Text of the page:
In my work for Duravit I have used predominantly iconic shapes. Many people said they were archaic, but they are not. Archaic means to be bonded to the past, while icons, on the other hand, are timeless. I step into the background and attempt to place all the symbols in a wider context. All the symbols bear the stamp of time and history and so gain a meaning which can be understood in different cultures across the world. On the one hand, we want the highest quality, reasonable prices and mass production, while on the other we want unique items for ourselves. That is human nature. So it is all the more important that the sustainability of top-quality products should never be in doubt. Sustainability is fundamental. Because you’re not going to exchange your washbasin every three months, it’s part of the house and can last for generations.
What role does the bathroom play for you in your own house?
The bathroom for me is an extended living room. On the one hand it refreshes and revitalises, on the other it is a peaceful place to relax. We like to spend time here. For example, a bathtub has three functions in my eyes: Visually it is a sculpture which acts as an eye-catcher, intuitively it is a sofa on which we can sit down, and functionally it is a tub in which you wash yourself.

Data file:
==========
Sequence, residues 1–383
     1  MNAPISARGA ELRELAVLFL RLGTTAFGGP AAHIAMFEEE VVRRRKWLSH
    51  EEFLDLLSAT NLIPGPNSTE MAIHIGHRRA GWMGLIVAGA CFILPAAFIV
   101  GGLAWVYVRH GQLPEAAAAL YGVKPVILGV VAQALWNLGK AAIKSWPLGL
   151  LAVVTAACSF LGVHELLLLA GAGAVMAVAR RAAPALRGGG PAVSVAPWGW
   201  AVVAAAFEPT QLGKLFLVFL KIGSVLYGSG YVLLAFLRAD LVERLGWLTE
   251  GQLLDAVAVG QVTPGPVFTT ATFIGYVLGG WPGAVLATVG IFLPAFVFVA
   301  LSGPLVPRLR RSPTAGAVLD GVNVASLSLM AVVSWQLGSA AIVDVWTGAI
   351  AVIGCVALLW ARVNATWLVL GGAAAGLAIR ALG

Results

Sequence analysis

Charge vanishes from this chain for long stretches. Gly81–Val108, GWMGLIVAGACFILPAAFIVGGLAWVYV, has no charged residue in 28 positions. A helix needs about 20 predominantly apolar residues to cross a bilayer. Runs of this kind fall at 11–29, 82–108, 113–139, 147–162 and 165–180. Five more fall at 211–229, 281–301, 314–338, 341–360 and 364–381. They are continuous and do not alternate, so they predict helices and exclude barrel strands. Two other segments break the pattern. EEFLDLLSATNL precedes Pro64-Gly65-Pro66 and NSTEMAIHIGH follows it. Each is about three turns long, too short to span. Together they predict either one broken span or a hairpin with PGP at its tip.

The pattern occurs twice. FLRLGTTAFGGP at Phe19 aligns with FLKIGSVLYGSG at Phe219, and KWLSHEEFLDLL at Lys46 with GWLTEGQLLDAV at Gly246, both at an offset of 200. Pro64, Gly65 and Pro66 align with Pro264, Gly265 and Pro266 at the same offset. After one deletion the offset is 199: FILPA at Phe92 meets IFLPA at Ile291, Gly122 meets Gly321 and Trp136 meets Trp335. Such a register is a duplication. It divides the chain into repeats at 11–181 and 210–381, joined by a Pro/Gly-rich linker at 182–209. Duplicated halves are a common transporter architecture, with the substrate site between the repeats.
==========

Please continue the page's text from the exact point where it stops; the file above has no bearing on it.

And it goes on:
How much design does a bathroom series require these days?
Design is going through an important phase. Today it is integrated into society – almost something normal. Apart from the design, it is simply a matter of the honesty and utility of a product. The first thing is to seek out absolutely honest partners and dependable industrial concerns such as Duravit. Then you design a product which is really useful. Design will never save lives, but it can make life easier. We create design objects for a genuine utility.
What advantages do your design objects have?
I asked myself: What do we really need? As anything which we do not really need is pointless. And everything which is pointless is a danger to our society, and sooner or later it will be outdated. In the ME by Starck range, for example, it is mainly a question of our real needs, of you and me. Without a defined style, without any influence from trends, with no promotional effect. It is simply a matter of what we really need. With the product development team at Duravit, we kept the focus on real ergonomics, real movements. The point is how the water can best flow, how one soils as little as possible, and how one can most easily clean.
Why do you work with such a company like Duravit?